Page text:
Stanford's Red Barn
The Red Barn Bides Again
by Peter C. Allen
Unlike the equine blue bloods that first occupied its stalls, the Red Barn has no pedigree. No architectural drawings are known to exist and there is evidence that the handsome structure was the work of one or more of the itinerant crews of artisan barn-builders who used to move from job to job in rural America.
The signs of native craftsmanship are obvious. Stand back a little way from the main entrance and observe the satisfying symmetry that carries upward from the big sliding doors to the transom, the hayloft doors, the white trusses supporting the apparatus for raising hay to the loft, and the graceful, jaunty cupola.
Look more closely and you will see the restrained ornamentation of the window moldings, the finials perched on the roof peaks, the blending of the two-story sliding-door pockets into the overall design, the use of dowels to join beams to posts, the ingenious way the chutes for dropping hay from the loft to the aisle areas double as ventilator shafts, carrying warm air upward to louvers in the clerestory.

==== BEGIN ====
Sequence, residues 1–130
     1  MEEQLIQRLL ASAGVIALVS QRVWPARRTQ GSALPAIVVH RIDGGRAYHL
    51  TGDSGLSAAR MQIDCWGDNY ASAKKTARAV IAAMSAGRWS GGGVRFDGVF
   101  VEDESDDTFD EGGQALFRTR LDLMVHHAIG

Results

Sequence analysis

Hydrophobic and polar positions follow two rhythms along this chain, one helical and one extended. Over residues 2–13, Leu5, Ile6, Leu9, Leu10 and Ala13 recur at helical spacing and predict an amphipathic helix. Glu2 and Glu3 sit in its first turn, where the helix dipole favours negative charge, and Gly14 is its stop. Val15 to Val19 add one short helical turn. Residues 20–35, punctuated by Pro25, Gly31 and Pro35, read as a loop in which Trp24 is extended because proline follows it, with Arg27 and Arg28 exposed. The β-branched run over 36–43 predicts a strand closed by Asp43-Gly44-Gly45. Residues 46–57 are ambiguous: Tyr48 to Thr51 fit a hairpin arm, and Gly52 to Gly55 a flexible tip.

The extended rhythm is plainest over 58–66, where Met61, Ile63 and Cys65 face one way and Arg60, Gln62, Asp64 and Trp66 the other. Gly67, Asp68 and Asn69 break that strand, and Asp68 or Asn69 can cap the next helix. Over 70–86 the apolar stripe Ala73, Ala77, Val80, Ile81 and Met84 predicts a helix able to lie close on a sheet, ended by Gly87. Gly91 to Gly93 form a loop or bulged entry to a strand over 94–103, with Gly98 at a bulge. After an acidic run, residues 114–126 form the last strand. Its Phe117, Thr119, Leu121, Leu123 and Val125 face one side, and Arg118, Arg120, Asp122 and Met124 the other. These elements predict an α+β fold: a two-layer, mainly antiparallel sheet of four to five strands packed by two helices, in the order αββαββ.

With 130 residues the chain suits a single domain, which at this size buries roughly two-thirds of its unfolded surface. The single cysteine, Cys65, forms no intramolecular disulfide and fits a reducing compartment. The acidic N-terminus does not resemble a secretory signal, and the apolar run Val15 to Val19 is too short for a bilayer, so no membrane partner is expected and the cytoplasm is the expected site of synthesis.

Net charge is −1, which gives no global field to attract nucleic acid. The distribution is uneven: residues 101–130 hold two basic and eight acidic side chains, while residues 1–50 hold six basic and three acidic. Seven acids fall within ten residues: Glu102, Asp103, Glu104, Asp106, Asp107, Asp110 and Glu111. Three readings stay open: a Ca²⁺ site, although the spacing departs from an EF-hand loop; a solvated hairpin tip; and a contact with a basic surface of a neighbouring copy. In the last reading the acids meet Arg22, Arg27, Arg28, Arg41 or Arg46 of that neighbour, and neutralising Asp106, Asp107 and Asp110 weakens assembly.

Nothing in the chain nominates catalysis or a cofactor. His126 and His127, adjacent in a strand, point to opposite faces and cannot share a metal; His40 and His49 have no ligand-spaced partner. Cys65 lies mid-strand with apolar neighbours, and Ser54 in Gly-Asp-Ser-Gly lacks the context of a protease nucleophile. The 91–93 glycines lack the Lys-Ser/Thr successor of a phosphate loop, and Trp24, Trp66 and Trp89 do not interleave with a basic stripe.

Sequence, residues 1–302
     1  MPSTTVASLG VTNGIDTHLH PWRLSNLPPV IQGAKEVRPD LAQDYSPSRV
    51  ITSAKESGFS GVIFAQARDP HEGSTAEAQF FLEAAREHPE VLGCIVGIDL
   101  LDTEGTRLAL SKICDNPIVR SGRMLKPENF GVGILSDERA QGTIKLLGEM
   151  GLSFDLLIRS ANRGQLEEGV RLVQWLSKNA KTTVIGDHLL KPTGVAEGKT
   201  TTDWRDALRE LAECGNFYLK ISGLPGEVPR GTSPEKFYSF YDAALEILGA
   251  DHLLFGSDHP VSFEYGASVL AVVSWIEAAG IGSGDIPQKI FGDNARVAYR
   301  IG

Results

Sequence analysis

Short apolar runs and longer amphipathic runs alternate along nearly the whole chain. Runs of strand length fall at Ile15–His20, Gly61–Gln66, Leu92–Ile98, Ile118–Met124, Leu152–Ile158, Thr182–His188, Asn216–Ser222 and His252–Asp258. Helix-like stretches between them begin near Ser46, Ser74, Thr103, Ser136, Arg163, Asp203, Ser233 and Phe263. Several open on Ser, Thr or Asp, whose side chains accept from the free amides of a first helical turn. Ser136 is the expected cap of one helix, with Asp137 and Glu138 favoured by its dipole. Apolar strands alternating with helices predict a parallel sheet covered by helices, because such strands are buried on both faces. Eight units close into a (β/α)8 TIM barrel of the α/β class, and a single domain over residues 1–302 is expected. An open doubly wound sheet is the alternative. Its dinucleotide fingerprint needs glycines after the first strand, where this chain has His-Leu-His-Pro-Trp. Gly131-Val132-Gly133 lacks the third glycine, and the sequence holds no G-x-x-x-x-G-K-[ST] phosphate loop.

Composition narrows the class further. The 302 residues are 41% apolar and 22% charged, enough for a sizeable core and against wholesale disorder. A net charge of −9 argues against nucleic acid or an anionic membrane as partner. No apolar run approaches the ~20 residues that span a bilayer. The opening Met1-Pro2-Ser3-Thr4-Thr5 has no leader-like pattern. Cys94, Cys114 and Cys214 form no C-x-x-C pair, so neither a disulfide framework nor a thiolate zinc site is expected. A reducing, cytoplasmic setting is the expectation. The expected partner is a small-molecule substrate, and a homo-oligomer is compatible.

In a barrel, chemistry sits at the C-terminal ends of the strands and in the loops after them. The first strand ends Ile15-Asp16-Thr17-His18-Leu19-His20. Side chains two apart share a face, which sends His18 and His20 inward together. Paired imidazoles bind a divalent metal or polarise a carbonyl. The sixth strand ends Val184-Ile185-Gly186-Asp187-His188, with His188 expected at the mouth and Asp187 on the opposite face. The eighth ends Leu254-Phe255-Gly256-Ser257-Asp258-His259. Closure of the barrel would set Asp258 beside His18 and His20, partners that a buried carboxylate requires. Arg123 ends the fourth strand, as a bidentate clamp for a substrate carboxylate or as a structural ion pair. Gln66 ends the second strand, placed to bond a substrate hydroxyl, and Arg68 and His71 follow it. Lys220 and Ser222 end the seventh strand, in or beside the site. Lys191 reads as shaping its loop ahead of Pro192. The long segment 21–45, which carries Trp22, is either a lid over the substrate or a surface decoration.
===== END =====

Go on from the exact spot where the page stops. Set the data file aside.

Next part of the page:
What is not so obvious is that these rural craftsmen--if, indeed, they were the builders of the Red Barn--knew little of engineering. The immense structure was placed on a foundation of brick, a mere 18 to 24 inches deep. It gradually settled and dirt drifted in until the bottom edges of the perimeter walls were well below ground level, inviting dry rot and termites into the framework. Furthermore, the load of the roof was not properly transmitted through the walls to the foundation, so that the settling was uneven. The roof line undulated and some of the walls were tilted.
These basic structural faults plus a hundred years of wear and tear, including relentless attacks by squadrons of woodpeckers looking for termites, brought the barn to a state of total disrepair and near collapse.
The architectural firm of Esherick Homsey Dodge and Davis, which planned the reconstruction of History Comer on the University's Outer Quadrangle, was brought in to do a feasibility study in the summer of 1982 and then was appointed to plan the restoration. Architect Dan Chekene, working with Max Mazenko, project manager for the University, studied old photographs and other materials from the University Archives and checked out the barn itself for traces of changes that had been made during its lifetime in order to realize the greatest degree possible of historical authenticity.